After the first wave, we realised that our bombs and ammunition were no match for the CT's hideouts. Some of our rockets and bombs probably hit the targets but the fire power was relatively small to blast the thick jungle. On the other hand, while the target could be identified and marked by smoke-grenades from an Allouette aircraft, it was not easy to spot it from the air. The jungle was thick and it was impossible to see what was underneath. Thus we depended solely on FAC aircraft to guide us to the targets. More sorties were needed to give better result. We flew wave after wave rocketing, bombing and firing our mini-guns on the camps until the end of day-light.
The next day reports arrived. There were mixed feelings on the result of our bombings. CT camps were hit but unfortunately the occupants escaped death and fled across the border. According to the report there might have been some injuries as indicated by blood stains found in the area.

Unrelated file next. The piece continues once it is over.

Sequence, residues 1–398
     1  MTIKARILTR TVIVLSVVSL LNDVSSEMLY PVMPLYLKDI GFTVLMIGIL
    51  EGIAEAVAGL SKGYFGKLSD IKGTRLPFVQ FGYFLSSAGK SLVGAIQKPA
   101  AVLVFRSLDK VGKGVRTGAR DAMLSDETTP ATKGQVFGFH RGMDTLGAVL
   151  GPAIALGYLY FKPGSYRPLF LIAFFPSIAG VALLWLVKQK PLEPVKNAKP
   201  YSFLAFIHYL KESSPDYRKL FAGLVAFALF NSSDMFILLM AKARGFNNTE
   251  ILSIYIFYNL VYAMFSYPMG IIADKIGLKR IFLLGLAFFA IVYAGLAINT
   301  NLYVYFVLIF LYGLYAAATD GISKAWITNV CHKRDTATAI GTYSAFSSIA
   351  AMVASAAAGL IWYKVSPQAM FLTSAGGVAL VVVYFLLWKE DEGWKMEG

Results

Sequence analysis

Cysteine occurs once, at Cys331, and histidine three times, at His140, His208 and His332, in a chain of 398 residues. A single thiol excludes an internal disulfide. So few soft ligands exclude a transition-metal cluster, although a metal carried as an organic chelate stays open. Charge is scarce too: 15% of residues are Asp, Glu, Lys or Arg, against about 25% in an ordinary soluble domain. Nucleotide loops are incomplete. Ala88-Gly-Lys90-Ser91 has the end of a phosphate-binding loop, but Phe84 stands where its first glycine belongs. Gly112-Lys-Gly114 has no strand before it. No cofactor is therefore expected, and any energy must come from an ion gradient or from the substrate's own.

The operation was exiting. At that time, I felt we needed more pilots and better aircraft to do the job. All aircrew and ground crew worked hard. I still remember when our aircraft landed and we had to remain strapped in the cockpits while ground crew refueled and replenished the ammunition. Time was running short. We had to bombard the CTs before they slipped away. Once the job was completed, the army would move in.
Meanwhile helicopters were sent over the target area to assess the situation and send more ground-troops. Few of the helicopters were shot. There were many bullet holes around its body. As for the Tebuans, we were unsure whether we were fired or not. It might have been because our aircraft was small or because of our faster airspeed that we escaped.